Archive for the ‘story’ Category

The story of my paper with Noga Alon

October 15, 2010

Well, in one of our meetings in August, Nick (my supervisor) told me that Noga Alon will visit UWaterloo in a few weeks, and I can give him a quick glimpse of my work on Cops and Robber game, and I said Ok, happy to know that I’ll meet him. He came in September and gave a talk in Tutte’s seminar. Next day Nick arranged a meeting in his office and I told Noga my work. He seemed interested, and proposed an idea that if correct, would’ve extended my result. With Nick’s help I worked on the idea for a week or two, and yeaaah … it worked! I was so excited, sent the proof to Nick, and he verified its correctness. Then I contacted Noga and asked if he’d like to be a coauthor, and he confirmed. He made a bunch of corrections and we submitted it. It’s a short paper however (7 pages).

Oh boy, if you’d told me an year ago that just an year after coming to Canada I’ll write a paper with Noga Alon, I would’ve considered it as a joke. But it really happened! Thank you God!

Some technical details: There was a recent preprint by Frieze et al., where they had considered the variation of Cops and Robber where the robber has speed s>1. For every s they had given a lower bound for the maximum cop number of a graph with n vertices in that variation. In summer I had worked on this problem and improved their bound for s<7 (here). I proved the cop number of an n-vertex graph can be as large as n^{s/s+1} when s=2,4. My proof uses regular graphs with large girth, which are called cages. I had also conjectured that this lower bound holds for larger values of s as well. There is an old conjecture of Bollobas about cages that implies my conjecture. Noga told me about regular graphs that don’t have large girths, but for every two close vertices, there are a constant number of shortest paths connected them. These graphs are enough for my proof, and their number of vertices are exactly what I wanted. Hoorraay.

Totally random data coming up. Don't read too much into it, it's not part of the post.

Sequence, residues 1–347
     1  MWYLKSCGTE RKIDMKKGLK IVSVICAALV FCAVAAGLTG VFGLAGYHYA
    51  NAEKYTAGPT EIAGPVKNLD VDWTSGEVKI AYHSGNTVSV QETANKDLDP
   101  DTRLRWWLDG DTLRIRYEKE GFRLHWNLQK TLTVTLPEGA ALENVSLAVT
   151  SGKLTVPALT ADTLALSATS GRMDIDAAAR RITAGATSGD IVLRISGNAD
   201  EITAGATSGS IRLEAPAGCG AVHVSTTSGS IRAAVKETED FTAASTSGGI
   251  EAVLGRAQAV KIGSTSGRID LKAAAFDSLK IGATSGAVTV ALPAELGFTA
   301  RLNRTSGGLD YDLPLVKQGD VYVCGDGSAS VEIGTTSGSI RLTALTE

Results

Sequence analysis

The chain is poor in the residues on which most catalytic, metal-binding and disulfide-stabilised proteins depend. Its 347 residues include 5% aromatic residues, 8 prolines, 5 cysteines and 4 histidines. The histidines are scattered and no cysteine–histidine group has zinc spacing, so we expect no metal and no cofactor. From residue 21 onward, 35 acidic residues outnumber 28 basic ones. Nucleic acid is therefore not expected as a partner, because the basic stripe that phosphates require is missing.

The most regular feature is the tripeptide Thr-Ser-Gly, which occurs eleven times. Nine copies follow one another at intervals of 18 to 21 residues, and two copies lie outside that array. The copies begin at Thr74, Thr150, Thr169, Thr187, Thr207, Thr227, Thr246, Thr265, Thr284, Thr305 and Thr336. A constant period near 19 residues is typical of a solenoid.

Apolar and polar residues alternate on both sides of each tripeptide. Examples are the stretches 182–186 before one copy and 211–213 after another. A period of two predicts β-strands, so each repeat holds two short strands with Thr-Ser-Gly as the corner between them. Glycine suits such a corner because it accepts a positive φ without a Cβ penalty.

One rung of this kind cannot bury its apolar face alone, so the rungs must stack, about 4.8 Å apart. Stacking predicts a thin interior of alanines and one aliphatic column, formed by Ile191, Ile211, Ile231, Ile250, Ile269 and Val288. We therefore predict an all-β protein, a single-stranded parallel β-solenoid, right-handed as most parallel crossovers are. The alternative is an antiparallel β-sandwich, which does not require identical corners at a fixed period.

Integer Programming

March 25, 2010

I really don’t like Integer Programming. But I think having the course has had benefits for me:

  1. I figured out that the decision of changing supervisor was a correct one (my former supervisor worked on IP).
  2. I can understand (feel) what one means when she says “I don’t like this course!”
  3. I can evaluate my performance on something that I don’t like but I have to do.

PS – I want to learn beamer for my approximation algorithms presentation. Hoorraay !

Does Coke and Pepsi taste differently?

March 13, 2010

In a talk of John Watrous on Friday in Tutte’s seminar, he proposed the above problem as an interesting example of the power of interactive proofs over classical proofs. To make it precise, suppose that I believe that Coke and Pepsi taste differently plus I can actually feel the difference; and you are really curious if I am right. Well, how can I convince you (give you a “proof”) that they taste differently? The proof needs to have the property that if I am right then you should detect it, and if I am wrong then you should detect it with high probability (say, 99.9 percent).




It is difficult, eh?




No, it is simple. Just make me blindfold, give me 1000 glasses of Coke/Pepsi and I have to categorize them. If I do it correctly, then you will be convinced that I can feel the difference. This is the point: The proof is done by “interaction between you (verifier) and me (prover),” and not by simply giving a certificate (as in the case of classical proof). Well, if I am a liar, then there is a tiny probability that I can fool you; but we usually ignore such small probabilities in life!

The PCP Theorem, and computational complexity

February 8, 2010

One reason I like computational complexity is because it’s mysterious: you see surprising results that don’t agree with your common sense. The first example was the equality NL = co-NL, which I saw a few years ago, and has a very elegant proof. And the second example was the PCP e, i.e. NP = PCP (log n, 1), which is quite surprising, and the proof is perhaps very complicated. That’s why you can never be sure that NP\P is nonempty, even if  everyone believes it.

For almost the same reason, I liked probability theory when I was in high-school: it is mysterious, and there were lots of paradoxical problems related to probability. Well, when I studied formal probability theory (Kolmogorov axioms etc.) there wasn’t any paradoxes anymore (fortunately?), but I still like it, because of its surprisingly strong applications in graph theory and algorithms.